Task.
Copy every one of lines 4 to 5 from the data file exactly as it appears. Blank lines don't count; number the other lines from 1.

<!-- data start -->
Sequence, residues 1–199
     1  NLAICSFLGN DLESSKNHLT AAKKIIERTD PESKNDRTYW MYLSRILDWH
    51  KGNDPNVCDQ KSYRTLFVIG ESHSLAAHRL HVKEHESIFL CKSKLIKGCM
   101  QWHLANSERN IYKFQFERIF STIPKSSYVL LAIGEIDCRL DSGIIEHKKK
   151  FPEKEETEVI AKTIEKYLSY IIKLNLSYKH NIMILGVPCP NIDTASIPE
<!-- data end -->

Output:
   101  QWHLANSERN IYKFQFERIF STIPKSSYVL LAIGEIDCRL DSGIIEHKKK
   151  FPEKEETEVI AKTIEKYLSY IIKLNLSYKH NIMILGVPCP NIDTASIPE